Responsive Layout

A responsive design automatically adapts itself to a particular viewing environment such as desktop, tablet or mobile, without the need for separate layouts for varying platforms

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About Us

Conservation Field Day

Every September, 5th and 6th grade students clue in to conservation at the annual Lynn Galusha Memorial Conservation Field Day. Presentations have ranged from invasive species, wetlands, and wilderness survival to groundwater, Tree4forestry, and energy conservation. Students enter the 5th grade poster or 6th grade essay contests describing one pre-lunch topic that, in the student's opinion, most effectively conserves / protects the natural resources of Hamilton County.  Students are honored with awards.

 

2017 Essay and Poster Contest Winners

Inlet Common School’s Grace Heath (left) received overall second place for her essay and Gabriel Lutz received class wide first place for his poster.
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Lake Pleasant Central School’s Emma Hoffman (left) received overall third place for her essay, and Lillian Hughes and Amelia Germain received overall honorable mention awards for their posters.  Alexander Vogel received overall first place for his poster.

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Long Lake Central School’s Nathan Hosley II received overall first place for his essay and Amelia Belcher received class wide first place for her poster.

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Wells Central School’s Bradyn Persch received class wide first place for his essay.

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Wheelerville Union Free School’s Tavien Blowers received overall third place for his poster and Logan Smith received class wide first place for his essay.

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Learning Standards met by the CFD Essay and Poster Contests:

This event addresses the following STEM / STEAM standards:
CATEGORY / CLUSTER S1: SCIENTIFIC INQUIRY: The central purpose of scientific inquiry is to develop explanations of natural phenomena in a continuing, creative process.

STANDARD S1.1. Formulate questions independently with the aid of references appropriate for guiding the search for explanations of everyday observations.

EXPECTATION S1.1a. Formulate questions about natural phenomena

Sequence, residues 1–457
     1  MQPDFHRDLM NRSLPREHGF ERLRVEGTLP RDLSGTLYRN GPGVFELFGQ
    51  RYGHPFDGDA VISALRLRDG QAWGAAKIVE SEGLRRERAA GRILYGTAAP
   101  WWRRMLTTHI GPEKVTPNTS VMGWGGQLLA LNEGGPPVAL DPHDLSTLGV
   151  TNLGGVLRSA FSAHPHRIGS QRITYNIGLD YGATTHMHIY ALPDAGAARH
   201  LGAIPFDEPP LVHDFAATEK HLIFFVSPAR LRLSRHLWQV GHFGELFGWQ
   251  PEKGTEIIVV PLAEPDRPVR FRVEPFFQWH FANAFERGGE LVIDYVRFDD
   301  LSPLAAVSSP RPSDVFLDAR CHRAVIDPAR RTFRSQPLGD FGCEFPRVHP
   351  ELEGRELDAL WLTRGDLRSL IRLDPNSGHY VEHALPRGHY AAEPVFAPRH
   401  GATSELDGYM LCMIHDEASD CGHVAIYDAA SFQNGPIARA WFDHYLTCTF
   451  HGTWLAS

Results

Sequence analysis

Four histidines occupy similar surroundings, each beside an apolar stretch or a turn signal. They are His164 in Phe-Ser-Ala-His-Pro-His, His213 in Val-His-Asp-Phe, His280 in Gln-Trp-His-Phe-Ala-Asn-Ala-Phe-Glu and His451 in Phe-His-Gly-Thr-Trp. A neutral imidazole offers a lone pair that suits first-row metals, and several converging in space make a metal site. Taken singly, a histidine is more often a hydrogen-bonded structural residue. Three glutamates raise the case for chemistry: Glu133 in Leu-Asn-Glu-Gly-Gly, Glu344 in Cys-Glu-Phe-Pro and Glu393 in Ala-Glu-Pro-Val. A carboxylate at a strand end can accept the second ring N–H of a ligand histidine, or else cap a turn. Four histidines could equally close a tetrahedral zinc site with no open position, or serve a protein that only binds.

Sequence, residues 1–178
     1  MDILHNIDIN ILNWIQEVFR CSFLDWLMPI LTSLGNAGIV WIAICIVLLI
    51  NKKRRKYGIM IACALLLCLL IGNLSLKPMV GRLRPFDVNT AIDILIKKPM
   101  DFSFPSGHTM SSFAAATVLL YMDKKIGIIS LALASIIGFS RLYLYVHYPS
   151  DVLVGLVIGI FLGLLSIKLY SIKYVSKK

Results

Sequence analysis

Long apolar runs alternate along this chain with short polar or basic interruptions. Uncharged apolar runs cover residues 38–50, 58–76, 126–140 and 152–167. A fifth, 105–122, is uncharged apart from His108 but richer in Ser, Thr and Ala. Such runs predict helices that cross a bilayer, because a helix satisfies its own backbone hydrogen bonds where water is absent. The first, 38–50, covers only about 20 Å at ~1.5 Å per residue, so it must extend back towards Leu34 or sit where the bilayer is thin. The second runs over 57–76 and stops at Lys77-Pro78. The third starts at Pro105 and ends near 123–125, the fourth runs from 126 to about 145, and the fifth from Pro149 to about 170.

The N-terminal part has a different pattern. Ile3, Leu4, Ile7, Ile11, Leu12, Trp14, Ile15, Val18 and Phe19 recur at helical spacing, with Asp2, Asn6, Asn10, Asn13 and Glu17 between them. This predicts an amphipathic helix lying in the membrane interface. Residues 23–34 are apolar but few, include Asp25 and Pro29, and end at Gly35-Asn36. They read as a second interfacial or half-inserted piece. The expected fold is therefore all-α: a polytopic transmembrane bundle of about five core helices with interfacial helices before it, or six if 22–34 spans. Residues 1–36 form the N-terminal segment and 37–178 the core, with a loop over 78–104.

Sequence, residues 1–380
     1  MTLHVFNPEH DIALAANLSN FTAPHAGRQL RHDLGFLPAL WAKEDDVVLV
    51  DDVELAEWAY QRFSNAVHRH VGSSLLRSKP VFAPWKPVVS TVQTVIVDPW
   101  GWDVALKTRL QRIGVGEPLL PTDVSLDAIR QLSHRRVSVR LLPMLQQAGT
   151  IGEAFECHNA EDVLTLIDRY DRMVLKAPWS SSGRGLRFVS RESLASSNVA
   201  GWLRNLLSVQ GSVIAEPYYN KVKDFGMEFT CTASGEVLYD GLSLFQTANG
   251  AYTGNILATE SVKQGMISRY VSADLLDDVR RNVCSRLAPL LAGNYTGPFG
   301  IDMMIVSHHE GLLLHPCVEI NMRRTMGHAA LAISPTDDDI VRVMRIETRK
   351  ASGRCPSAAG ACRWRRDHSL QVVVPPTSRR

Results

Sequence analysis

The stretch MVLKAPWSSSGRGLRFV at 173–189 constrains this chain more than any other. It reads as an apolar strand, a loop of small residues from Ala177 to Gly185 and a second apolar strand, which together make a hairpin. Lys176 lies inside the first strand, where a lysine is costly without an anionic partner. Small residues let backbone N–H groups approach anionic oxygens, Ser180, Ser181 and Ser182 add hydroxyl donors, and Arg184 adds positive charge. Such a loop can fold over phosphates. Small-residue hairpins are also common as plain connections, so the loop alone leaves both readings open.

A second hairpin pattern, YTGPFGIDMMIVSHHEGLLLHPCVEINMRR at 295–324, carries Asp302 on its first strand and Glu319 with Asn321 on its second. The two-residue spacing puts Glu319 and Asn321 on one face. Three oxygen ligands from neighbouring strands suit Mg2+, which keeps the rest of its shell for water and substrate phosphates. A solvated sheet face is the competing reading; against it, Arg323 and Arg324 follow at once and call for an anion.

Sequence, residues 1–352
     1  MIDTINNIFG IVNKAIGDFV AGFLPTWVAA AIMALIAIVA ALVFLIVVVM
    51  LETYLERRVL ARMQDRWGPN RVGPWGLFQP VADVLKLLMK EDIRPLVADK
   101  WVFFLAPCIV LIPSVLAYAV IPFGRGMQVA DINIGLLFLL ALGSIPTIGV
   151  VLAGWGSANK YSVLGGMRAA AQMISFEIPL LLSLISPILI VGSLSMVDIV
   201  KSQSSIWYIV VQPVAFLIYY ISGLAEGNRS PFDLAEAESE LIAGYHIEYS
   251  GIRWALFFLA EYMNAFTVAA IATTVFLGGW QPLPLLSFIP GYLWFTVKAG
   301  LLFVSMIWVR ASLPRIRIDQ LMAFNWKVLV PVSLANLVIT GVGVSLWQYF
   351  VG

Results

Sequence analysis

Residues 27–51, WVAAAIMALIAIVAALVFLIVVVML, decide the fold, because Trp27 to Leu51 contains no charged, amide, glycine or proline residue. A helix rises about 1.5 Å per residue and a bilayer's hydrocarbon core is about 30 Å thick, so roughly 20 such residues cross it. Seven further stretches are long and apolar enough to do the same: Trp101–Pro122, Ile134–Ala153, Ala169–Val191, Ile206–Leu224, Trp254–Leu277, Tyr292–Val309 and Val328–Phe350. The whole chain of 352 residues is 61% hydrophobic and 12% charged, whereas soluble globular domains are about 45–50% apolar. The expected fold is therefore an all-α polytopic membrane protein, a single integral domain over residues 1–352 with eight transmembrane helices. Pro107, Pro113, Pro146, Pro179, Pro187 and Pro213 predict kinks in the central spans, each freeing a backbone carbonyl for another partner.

EXPECTATION S1.1b. Identify appropriate references to investigate a question

EXPECTATION S1.1c. Refine and clarify questions so that they are subject to scientific investigation

This event addresses the following Common Core learning standards:
Writing Grade 5/6
Speaking and Listening
3. Ask and answer questions about what a speaker says in order to clarify comprehension, gather additional information, or deepen understanding of a topic or issue.

Research to Build and Present Knowledge
8. Recall relevant information from experiences or gather relevant information from print and digital sources; summarize or paraphrase information in notes and finished work, and provide a list of sources.

Range of Writing
10. Write routinely over extended time frames (time for research, reflection, and revision) and shorter time frames (a single sitting or a day or two) for a range of discipline-specific tasks, purposes, and audiences.

Integration of knowledge and ideas
7. Integrate information presented in different media or formats (e.g., visually, quantitatively) as well as in words to develop a coherent understanding of a topic or issue.

Production and Distribution of Writing
4. Produce clear and coherent writing in which the development, organization, and style are appropriate to task, purpose, and audience.

Conservation Field Day 2012

Every September, 5th and 6th grade students clue in to conservation at the annual Lynn Galusha Memorial Conservation Field Day. Presentations have ranged from invasive species, wetlands, and wilderness survival to groundwater, forestry, and energy conservation. Students enter the 5th grade essay or 6th grade poster contests showing what they learned.